Will there be a Black Prime Minister?


The Hollywood star, David Harewood set out on a personal journey to see whether or not, in his life time we would witness a Black person walking through the door of No. 10 Downing St as leader of the United Kingdom.

To find that answer Harewood sought to unpick the pathway that is the most likely route to No.10, and then to see how Black individuals might fair within it.

In truth, however, Harewood’s journey was much bigger than whether or not we’d see a Black PM any time soon. His underlying challenge was to see just how elitist and privileged the UK is in terms of who runs our nation, and to what extent Black people are locked out.

To better understand the dynamics of power: who has it, how they get it, how people are locked out from it, Hardwood’s programme brilliantly used leading statistician Dr Faiza Shaheen. Her role was to make sense of the available data that is the bedrock of whether or not you’re likely to be in a leadership position.

The findings are not great for Black people.

The starting point for almost 50% of Black people in the UK , and in particularly Black children, is poverty. The elements of day to day poverty –poor housing, lack of food, insecurity- are not conjusive for a good studying environment for any child.

For white families in poverty the percentage  falls to 25%. If we were to use a  sprint race analogy you’d see the Black child with only one shoe on , the white child with both on, and the very privileged child  with a pair of spikes on with a 25 metre head start.

But the next set of data Dr Shaheen unearthed highlighted a series of questions that the Government at the highest level should be deeply troubled about .

The programmes data showed that Caribbean and African children’s academic levels plummeted from the age of 9 to 14, , but soon as they began  doing their A levels then their results dramatically rose. So what’s going on ? Harewood struggled with this conundrum until it was explained to him that a key differential between students before and after taking their A levels  was that their for A levels  their  papers are marked blindly. The examiner doesn’t know if the student is male or female, black or white, Christian or Muslim.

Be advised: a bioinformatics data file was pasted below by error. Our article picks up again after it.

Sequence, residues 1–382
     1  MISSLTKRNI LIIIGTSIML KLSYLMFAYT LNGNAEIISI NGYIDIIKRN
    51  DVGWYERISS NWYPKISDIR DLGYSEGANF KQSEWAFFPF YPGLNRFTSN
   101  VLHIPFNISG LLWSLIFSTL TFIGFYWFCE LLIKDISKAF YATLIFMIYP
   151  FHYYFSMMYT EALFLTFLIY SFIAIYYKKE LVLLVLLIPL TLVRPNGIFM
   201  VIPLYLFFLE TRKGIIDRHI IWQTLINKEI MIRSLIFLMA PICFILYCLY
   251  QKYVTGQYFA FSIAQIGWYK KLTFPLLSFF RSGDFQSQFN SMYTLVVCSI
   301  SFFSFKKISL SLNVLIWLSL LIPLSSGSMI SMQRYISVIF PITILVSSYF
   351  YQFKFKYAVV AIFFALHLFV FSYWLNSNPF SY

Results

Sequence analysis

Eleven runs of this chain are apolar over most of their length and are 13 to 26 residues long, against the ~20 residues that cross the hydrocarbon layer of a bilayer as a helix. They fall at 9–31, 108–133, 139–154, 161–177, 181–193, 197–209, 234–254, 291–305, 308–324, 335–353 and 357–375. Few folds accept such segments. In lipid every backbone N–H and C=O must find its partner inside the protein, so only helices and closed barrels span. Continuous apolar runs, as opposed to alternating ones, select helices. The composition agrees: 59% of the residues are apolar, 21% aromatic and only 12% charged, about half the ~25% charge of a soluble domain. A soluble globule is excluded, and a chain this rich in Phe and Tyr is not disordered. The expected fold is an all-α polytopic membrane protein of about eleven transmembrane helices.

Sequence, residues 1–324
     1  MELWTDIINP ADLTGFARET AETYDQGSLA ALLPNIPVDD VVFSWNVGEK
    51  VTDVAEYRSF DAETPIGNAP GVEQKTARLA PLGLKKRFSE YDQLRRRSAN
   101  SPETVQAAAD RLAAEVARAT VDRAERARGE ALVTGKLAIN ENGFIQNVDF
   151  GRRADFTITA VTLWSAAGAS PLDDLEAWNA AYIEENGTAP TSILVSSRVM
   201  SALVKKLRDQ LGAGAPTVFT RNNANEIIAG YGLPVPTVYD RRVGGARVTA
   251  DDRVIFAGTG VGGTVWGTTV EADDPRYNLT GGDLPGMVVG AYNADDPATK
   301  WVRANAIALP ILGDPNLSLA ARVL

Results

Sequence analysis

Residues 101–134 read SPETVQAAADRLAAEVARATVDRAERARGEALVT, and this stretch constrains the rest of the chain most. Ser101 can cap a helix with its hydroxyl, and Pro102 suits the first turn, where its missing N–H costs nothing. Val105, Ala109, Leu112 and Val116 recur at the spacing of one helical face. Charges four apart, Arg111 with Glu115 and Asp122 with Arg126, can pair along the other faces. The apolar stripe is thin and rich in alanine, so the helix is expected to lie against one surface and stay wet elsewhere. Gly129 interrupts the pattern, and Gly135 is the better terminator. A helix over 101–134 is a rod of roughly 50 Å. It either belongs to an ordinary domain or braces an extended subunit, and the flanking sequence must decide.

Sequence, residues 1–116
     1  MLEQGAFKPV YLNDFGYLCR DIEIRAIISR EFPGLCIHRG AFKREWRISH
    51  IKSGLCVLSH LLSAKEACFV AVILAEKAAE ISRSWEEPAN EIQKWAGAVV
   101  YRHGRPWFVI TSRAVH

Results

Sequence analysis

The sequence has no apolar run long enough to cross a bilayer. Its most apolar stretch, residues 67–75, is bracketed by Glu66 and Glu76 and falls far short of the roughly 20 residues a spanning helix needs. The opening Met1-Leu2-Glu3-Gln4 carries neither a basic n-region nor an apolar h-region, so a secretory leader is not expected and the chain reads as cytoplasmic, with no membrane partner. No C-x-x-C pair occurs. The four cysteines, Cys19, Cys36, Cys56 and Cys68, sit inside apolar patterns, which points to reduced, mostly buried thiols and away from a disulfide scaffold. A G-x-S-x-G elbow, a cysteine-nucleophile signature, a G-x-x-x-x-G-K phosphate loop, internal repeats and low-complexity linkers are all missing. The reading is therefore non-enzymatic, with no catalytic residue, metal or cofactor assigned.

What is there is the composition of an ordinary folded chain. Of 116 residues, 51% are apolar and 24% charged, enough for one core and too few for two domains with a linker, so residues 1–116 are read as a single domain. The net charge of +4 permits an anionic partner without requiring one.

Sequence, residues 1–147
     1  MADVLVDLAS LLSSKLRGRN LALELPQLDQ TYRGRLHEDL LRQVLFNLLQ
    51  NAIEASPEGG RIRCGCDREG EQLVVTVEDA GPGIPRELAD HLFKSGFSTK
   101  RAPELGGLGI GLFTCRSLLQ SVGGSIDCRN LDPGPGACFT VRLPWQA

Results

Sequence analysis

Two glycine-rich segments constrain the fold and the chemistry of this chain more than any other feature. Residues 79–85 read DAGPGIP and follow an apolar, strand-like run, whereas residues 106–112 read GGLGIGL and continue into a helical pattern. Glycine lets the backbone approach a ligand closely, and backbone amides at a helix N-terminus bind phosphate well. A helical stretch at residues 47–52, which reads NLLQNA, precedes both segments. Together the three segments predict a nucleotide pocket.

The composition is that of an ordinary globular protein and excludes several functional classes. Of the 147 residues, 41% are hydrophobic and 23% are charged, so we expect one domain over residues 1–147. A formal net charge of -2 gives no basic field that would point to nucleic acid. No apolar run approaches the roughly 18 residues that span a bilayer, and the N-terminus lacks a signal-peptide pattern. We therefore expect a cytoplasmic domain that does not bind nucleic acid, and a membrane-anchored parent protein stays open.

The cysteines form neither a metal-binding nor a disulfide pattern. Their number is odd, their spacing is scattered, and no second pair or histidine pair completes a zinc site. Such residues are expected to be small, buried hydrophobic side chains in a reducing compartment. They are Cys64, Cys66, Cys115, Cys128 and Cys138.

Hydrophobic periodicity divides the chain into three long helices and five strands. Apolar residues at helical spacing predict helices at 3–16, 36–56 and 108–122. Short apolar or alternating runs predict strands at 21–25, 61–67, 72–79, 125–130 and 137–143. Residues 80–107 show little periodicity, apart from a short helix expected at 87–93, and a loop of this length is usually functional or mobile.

Unconscious bias then, seems to work profoundly against the Black child. Worse still, prejudice does not stop there. Even when Black students get good grades, their ability to get into top universities, which is no longer 'colour blind' again is still hampered.

The data that for many was particularly alarming was the fact that five fee paying private schools account for more students going to Oxford and Cambridge than 1700 State Schools put together. Both race and class, therefore, become a double whammy if you’re Black.

In regards to leadership, I very much remember back in 1997 when Tony Blair was an almost evangelical Prime Minister making his first Party Conference speech when he said,

We cannot be a proud nation whilst we have no high court judges, no senior army officers, and so few Black politicians”.

Almost 20 years later Harewood asked:

How many Black senior Judges do we have? Zero . How many Black Generals do we have? Zero! How about the media, the people who feed us the news on a daily basis, how many media leaders are Black ....you get the picture”,

he said looking into the camera with disdain.

I worked with David Harewood having convinced him to work with us on getting Black people to vote on  our Saatchi and Saatchi electoral campaign, and therefore was pleased to be asked to be  part of the programme. I tried to be upbeat in spite of the enormous challenges, when asked do I really believe that we’ll have a Black Prime Minister, and if so when?

“Yes” I replied desperately wanting to be positive , “ I do believe we'll see a Black Prime Minister. And with a bit of luck I think we could have one in the next ten years”, not least because I know that Black people have always done extra-ordinary things. But to do so, I argued that  we’d have to have someone brilliant, someone who is able to take Black and white communities along with him all the way to No.10.

Ultimately though the more serious picture Harewood’s programme paints is much bigger than the symbolism of Black Prime Minister. We as a society barely acknowledge such gross racially unequal structures,  much less have plans to tear them down or mitigate there being. As a result those long established routes to power and success remain  so skewed against Black people, it’s a miracle we have any Black politicians and Black leaders anywhere at all.

Furthermore, the tragedy is not just for Black people being locked out of fulfilling their potential in all areas at all levels of our society, the bigger tragedy is for all of society that refuses to tap into its wonderfully diverse talent pool.

As for a Black Prime Minister my vote would go you David Harewood.

Come David step up!

Simon Woolley